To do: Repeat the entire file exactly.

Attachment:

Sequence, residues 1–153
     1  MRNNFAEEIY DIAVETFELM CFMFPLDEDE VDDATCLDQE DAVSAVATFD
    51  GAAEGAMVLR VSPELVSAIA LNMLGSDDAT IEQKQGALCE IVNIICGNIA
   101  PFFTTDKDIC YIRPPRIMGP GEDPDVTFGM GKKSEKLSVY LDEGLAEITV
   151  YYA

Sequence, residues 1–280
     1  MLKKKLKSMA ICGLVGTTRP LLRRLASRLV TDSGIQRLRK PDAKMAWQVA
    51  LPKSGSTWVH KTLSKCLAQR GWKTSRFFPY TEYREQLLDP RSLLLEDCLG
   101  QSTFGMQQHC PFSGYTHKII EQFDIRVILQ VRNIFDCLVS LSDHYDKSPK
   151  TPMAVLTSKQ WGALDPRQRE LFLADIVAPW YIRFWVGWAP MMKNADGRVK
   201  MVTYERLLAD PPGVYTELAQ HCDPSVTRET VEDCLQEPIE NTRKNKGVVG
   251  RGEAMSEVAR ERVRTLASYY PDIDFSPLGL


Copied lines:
Sequence, residues 1–153
     1  MRNNFAEEIY DIAVETFELM CFMFPLDEDE VDDATCLDQE DAVSAVATFD
    51  GAAEGAMVLR VSPELVSAIA LNMLGSDDAT IEQKQGALCE IVNIICGNIA
   101  PFFTTDKDIC YIRPPRIMGP GEDPDVTFGM GKKSEKLSVY LDEGLAEITV
   151  YYA

Sequence, residues 1–280
     1  MLKKKLKSMA ICGLVGTTRP LLRRLASRLV TDSGIQRLRK PDAKMAWQVA
    51  LPKSGSTWVH KTLSKCLAQR GWKTSRFFPY TEYREQLLDP RSLLLEDCLG
   101  QSTFGMQQHC PFSGYTHKII EQFDIRVILQ VRNIFDCLVS LSDHYDKSPK
   151  TPMAVLTSKQ WGALDPRQRE LFLADIVAPW YIRFWVGWAP MMKNADGRVK
   201  MVTYERLLAD PPGVYTELAQ HCDPSVTRET VEDCLQEPIE NTRKNKGVVG
   251  RGEAMSEVAR ERVRTLASYY PDIDFSPLGL